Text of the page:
With Big Old Artillery And Tiny New Drones, Ukrainian Gunners Take Aim At Regrouping Russians

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A Ukrainian army artillery brigade has begun flying a new, small unmanned aerial vehicle—and using it to spot targets for its giant, aging self-propelled howitzers.

The results are dramatic.

The 45th Separate Artillery Brigade on Saturday circulated a recording of a video feed from a Spectator UAV depicting strikes by the brigade’s 2S7 howitzers on an industrial facility near the southeastern city of Zaporizhzhia that a Russian army battalion was using as a staging area.

Viewing the drone feed to correct their fire, the 45th’s gunners destroyed several Russian vehicles.

The 2S7 is an old weapon. The tracked, open-hull gun and its accompanying support vehicle entered service with the Soviet army in 1976. The 2S7 saw combat in Afghanistan in the 1980s and the Chechen wars in the ’90s.

The Russians eventually put a lot of their roughly 300 2S7s in storage. The Ukrainians did the same with the 100 or so 2S7s they inherited from the Soviet Union. In the lead-up to the current war, both countries returned to service some of the big guns.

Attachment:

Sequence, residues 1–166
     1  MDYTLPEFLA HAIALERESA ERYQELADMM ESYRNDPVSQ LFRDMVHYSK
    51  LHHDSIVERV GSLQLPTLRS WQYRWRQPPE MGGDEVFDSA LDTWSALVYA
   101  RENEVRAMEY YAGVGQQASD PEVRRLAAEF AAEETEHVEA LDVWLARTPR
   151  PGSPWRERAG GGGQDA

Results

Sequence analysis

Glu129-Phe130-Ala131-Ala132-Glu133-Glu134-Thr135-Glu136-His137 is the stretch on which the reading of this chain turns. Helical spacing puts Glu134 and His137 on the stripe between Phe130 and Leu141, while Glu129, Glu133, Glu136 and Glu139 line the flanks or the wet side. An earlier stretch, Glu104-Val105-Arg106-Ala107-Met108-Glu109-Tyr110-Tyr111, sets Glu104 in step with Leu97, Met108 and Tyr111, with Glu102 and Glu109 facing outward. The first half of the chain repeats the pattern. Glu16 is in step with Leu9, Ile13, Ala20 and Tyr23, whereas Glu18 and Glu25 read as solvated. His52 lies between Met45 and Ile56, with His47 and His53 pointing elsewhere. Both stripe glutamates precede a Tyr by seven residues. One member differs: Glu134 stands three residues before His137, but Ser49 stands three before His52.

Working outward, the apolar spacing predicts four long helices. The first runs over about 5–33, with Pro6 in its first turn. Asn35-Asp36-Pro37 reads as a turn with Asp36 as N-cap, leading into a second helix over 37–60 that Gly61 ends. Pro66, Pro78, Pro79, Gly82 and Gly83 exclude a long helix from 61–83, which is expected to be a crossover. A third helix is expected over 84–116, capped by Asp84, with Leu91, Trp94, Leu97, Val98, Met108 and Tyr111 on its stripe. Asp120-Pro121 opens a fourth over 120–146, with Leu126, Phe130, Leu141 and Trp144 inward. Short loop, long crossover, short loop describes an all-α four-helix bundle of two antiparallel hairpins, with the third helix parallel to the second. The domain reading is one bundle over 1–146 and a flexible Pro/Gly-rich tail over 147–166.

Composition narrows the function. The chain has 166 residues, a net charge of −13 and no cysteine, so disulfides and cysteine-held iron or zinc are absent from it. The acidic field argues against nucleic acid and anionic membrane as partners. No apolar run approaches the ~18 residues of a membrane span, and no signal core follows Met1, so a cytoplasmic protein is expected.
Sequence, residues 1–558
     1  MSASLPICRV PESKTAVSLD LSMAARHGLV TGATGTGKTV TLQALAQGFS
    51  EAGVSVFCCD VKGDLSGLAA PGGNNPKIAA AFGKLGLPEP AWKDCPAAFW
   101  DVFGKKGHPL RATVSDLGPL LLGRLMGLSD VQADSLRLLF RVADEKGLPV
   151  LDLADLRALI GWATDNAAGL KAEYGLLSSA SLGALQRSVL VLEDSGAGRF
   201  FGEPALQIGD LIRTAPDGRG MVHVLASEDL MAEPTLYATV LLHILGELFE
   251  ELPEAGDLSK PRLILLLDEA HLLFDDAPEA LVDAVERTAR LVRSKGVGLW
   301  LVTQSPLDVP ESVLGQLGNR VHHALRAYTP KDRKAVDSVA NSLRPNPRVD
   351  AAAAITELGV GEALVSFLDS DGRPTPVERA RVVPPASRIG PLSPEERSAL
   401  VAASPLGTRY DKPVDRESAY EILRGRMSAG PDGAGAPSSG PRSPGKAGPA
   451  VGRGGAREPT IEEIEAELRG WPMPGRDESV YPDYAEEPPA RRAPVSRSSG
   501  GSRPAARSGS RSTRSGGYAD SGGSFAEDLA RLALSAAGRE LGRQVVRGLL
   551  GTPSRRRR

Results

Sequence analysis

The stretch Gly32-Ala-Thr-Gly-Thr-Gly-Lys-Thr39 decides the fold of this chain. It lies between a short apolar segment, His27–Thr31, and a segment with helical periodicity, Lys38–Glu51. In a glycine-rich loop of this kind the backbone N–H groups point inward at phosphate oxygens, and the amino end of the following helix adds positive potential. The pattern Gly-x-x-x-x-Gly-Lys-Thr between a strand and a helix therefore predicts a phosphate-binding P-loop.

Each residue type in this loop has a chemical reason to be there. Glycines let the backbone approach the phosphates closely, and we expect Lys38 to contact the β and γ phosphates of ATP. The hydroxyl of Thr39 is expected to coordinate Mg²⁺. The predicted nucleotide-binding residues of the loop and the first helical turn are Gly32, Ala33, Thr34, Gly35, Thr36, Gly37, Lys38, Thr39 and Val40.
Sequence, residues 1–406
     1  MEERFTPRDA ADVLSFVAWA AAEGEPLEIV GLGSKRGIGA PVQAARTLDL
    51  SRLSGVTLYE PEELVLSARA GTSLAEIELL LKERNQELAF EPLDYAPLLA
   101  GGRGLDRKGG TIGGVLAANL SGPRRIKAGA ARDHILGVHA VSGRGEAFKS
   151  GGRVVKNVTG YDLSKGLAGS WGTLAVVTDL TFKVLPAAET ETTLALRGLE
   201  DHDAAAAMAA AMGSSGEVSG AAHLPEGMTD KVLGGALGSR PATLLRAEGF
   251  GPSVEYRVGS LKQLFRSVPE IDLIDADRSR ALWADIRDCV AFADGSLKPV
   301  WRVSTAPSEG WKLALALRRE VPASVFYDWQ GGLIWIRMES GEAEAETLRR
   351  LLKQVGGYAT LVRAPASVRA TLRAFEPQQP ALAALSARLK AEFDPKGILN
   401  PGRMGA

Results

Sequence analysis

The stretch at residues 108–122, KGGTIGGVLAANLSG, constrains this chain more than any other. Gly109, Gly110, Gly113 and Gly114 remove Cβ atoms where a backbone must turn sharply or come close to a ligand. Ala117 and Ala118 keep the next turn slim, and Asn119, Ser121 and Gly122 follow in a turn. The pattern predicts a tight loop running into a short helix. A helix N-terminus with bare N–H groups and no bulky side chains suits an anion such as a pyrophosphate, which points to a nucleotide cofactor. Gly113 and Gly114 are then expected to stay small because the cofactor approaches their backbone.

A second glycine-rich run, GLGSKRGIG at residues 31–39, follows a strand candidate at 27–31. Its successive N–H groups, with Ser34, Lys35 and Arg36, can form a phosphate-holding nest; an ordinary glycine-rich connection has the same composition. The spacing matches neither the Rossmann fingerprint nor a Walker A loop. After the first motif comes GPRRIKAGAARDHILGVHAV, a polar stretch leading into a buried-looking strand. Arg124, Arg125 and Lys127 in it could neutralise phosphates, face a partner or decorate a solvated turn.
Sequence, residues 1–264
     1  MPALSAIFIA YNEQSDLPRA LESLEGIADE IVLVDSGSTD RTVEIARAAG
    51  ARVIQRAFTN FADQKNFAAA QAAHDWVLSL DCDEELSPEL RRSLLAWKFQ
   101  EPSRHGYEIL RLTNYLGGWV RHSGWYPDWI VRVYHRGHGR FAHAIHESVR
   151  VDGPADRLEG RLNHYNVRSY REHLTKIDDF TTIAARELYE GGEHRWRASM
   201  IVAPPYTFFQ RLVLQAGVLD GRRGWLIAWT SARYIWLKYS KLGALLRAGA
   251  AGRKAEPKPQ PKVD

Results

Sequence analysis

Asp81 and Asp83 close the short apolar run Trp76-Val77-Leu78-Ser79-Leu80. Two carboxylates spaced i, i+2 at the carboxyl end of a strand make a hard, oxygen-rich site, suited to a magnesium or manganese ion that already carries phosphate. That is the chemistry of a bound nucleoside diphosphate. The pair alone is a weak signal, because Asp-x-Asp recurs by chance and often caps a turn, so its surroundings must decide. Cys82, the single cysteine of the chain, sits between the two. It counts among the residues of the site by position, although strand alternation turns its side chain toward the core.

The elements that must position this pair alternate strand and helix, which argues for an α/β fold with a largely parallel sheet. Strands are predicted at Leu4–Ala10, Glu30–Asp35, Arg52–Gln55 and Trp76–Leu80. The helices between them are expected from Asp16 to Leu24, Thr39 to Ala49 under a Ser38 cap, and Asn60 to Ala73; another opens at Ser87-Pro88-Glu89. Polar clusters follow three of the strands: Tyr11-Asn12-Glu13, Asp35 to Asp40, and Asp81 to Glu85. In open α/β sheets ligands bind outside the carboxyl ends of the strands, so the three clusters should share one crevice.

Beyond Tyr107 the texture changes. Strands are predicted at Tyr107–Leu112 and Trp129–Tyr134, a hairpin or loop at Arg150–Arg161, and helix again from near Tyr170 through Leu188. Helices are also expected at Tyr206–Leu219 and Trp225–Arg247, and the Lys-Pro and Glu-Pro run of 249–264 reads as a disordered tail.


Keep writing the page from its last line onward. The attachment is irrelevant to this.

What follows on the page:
Both are using drones to spot targets for their 2S7s. The 12-pound Spectator, from Ukrainian firm JSC Meridian, is one of the newest. The Zaporizhzhia strike apparently was the first time the 45th had used the Spectator in combat. “An effective combat test drive,” the brigade boasted.

While a 203-millimeter gun packs a wallop, it’s also heavy, slow-to-fire, hard to support and painfully loud for the 14-person crew. So it’s worth noting where the Russian and Ukrainian armies have gone to the effort to deploy their respective 2S7s.

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Russian 2S7s reportedly are active in eastern Ukraine’s Donbas region, in particular around the Severodonetsk salient, where Russian forces are trying to surround several Ukrainian brigades with their thousands of troops.

Some of Ukraine’s 2S7s are in the same area. A video that the Ukrainian 92nd Mechanized Brigade posted on social media on Sunday depicts 2S7s in action. The 92nd holds the line in Donbas north of the Severodonetsk salient.

The 45th, with its own 2S7s, is in southern Ukraine, which has been relatively quiet since the Kremlin earlier this month refocused its war effort on Donbas. But there are reports the Russians are trying to regroup and launch a fresh offensive in the south.

Ukraine’s drones are keeping tabs. And its gunners are trying to spoil the plan.

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